The exact science of these symbiotes is very vague. Drake’s scientists claim that the symbiotes feed off their hosts, sucking them dry until they’re shriveled up and hollow inside like a Capri-Sun pouch. Then they move on to the next person. But Venom attaches itself to Eddie and makes a home there. At one point, his ex-girlfriend’s new man, a doctor, examines him and says he’s basically dying because of the “parasite” he’s contracted. Then a few scenes later, he’s fine again. And for all the talk about Venom’s violent tendencies, he barely kills — much less eats — anyone. The practical answer to this one question is “They had to cut out a lot of violence to avoid an R-rating.” But putting these last two questions together, maybe tater tots have some kind of preservative quality that’s good for symbiote digestion?
6. Why Doesn’t Carlton Drake Have Any Security Cameras?
Eddie Brock gets stuck to Venom because a remorseful researcher at the Life Foundation (played by Jenny Slate) brings him to her laboratory to get evidence that proves Carlton Drake is a monster. The symbiote escapes from its cell, hides inside Tom Hardy, and together they escape the Life Foundation. Drake shows up and he’s pissed off. He yells stuff to the effect of “My symbiote’s gone! Someone broke in here! And I don’t know who took it!” Wait, you don’t? Yes, Drake spends several scenes trying to figure out who stole his symbiote, because apparently Drake — one of the richest men on earth, who runs the most advanced lab ever created, with a private army as his disposal — doesn’t have a single security camera in his entire office building.
7. If Riz Ahmed’s Character Is British, Where Is His Accent?
This one is just baffling. They introduce Carlton Drake in an interview with Eddie Brock. He talks about his backstory, explains who he is, and how he became this big powerful rich weirdo. And he casually mentions that his parents are from England, then continues on with this expository monologue. Okay ... so? That’s the sort of line you drop when you have a British actor in an otherwise American film. And Riz Ahmed is British. But his character speaks with an American accent — and a pretty good one to boot. So why say that? I kept waiting for Hardy — who is also British and talking with a (less convincing) American accent — to reply “My parents were also from England!” He did not.
8. Why Do Drake’s Drones Spit Blue Flames When They Crash?
It’s tough to pick just one worst scene in Venom (there’s a lot of competition for that prize) but it might be the big, ugly, awful chase scene through the streets of San Francisco, where a newly Venomized Eddie Brock drives his motorcycle through traffic while pursued by an army of Life Foundation drones. These drones swoop out of the sky and dive at his bike, and when he dodges, they crash into the pavement and explode, spewing huge blue flames everywhere. Do ... do drones do that? I don’t think they do that.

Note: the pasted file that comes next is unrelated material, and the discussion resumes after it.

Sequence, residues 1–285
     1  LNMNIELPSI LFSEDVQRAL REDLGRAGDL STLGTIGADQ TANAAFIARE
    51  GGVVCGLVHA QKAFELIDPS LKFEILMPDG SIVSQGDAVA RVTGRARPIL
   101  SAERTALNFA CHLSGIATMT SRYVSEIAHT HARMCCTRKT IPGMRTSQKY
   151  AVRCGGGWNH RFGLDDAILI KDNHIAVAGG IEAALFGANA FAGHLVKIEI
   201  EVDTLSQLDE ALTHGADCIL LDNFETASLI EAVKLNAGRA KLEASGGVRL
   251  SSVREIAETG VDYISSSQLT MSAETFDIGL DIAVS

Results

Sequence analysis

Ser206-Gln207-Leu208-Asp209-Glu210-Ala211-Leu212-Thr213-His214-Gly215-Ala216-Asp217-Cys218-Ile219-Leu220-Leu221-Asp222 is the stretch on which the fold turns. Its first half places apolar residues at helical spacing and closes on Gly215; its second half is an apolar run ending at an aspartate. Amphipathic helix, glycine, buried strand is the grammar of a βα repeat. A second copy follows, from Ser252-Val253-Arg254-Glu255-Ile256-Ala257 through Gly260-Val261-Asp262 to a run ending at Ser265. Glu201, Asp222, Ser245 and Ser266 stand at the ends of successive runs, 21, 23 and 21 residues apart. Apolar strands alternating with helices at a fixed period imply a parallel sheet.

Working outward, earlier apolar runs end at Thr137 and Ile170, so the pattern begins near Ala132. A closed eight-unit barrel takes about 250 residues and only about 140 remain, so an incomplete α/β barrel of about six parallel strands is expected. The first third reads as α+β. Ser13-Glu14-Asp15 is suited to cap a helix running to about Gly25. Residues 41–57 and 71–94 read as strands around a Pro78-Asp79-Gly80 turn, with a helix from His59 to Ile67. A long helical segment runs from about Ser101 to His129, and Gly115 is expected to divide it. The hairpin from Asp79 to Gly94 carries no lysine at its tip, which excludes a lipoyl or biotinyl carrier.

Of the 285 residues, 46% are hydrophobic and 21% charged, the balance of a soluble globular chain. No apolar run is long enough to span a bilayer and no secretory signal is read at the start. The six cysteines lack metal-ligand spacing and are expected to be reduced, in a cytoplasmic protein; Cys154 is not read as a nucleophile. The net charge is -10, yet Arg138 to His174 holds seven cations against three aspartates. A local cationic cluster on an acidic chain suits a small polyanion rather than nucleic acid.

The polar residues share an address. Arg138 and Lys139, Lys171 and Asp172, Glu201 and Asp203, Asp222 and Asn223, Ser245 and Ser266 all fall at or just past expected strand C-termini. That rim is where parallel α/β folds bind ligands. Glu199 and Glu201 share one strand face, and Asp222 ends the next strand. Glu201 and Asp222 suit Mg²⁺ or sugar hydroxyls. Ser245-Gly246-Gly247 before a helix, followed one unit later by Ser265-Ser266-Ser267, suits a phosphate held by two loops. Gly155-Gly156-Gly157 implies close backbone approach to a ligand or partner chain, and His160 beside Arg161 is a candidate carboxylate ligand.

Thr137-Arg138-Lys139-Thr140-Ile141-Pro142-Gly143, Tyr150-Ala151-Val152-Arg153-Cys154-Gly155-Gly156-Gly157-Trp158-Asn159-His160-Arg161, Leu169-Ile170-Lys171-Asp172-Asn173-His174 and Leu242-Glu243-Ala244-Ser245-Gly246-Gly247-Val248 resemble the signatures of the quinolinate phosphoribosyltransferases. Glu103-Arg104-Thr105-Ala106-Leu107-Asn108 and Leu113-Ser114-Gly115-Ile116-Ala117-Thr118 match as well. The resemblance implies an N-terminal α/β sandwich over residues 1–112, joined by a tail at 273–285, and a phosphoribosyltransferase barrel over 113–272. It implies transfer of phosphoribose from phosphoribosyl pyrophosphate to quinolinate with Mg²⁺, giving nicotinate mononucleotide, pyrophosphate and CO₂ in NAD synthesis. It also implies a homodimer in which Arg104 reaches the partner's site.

9. Why Does Carlton Drake Have a Spaceship Ready to Fly at the Drop of a Hat?
After the Malaysian symbiote completes its six month journey to San Francisco and bonds with Drake, and after Venom sours all his other plans on Earth (that jerk), he decides it’s time to vamoose and return, Poochie-style, to his home planet. He starts barking orders at his minions about a spaceship launch and within seconds — literal seconds — there is a craft fueled and primed and ready to head out into space. If this is even remotely true, someone needs to check on Elon Musk. After the last couple weeks he’s had, he’s got to be eyeing of his launchpads right now.
10. Why Does the Symbiote Devour Some People And Do Absolutely Nothing to Others?
One of the most frustrating things about Venom is there is absolutely no consistency to the rules of these symbiotes. They immediately kill some people, live for a while in others, and live forever in a few with no clear explanation why. After Venom is extracted from Eddie, and Eddie is kidnapped by the Life Foundation, the symbiote attaches itself to Michelle Williams’ Anne and uses her to find his missing pal — she’s sort of like his Uber. Based on everything we’ve seen, this should have some kind of ill effect on Anne; she should go insane or her body should start to shut down or at least she should sweat profusely. Something! Instead she just doesn’t, and after the movie is over and Venom is “dead” she gets to say the line that shall go down in immortality: “Hey ... I’m sorry about Venom.”
We all are, Michelle Williams. We all are.